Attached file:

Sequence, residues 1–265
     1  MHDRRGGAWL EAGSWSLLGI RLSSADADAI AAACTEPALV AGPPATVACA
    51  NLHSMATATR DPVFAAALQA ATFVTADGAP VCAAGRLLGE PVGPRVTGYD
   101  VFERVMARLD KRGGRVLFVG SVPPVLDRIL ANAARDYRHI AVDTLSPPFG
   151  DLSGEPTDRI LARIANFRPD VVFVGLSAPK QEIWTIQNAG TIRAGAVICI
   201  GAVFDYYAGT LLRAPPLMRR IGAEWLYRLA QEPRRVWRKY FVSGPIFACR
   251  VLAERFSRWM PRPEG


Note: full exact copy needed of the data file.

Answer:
Sequence, residues 1–265
     1  MHDRRGGAWL EAGSWSLLGI RLSSADADAI AAACTEPALV AGPPATVACA
    51  NLHSMATATR DPVFAAALQA ATFVTADGAP VCAAGRLLGE PVGPRVTGYD
   101  VFERVMARLD KRGGRVLFVG SVPPVLDRIL ANAARDYRHI AVDTLSPPFG
   151  DLSGEPTDRI LARIANFRPD VVFVGLSAPK QEIWTIQNAG TIRAGAVICI
   201  GAVFDYYAGT LLRAPPLMRR IGAEWLYRLA QEPRRVWRKY FVSGPIFACR
   251  VLAERFSRWM PRPEG